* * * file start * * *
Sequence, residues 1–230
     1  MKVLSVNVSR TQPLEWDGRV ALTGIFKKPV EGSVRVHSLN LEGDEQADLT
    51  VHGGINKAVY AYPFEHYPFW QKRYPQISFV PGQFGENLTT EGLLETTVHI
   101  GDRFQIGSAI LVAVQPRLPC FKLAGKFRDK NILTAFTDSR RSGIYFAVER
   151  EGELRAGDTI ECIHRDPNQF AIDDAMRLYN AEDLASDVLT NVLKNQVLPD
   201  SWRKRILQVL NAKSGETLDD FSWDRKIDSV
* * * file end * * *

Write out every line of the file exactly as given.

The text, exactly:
Sequence, residues 1–230
     1  MKVLSVNVSR TQPLEWDGRV ALTGIFKKPV EGSVRVHSLN LEGDEQADLT
    51  VHGGINKAVY AYPFEHYPFW QKRYPQISFV PGQFGENLTT EGLLETTVHI
   101  GDRFQIGSAI LVAVQPRLPC FKLAGKFRDK NILTAFTDSR RSGIYFAVER
   151  EGELRAGDTI ECIHRDPNQF AIDDAMRLYN AEDLASDVLT NVLKNQVLPD
   201  SWRKRILQVL NAKSGETLDD FSWDRKIDSV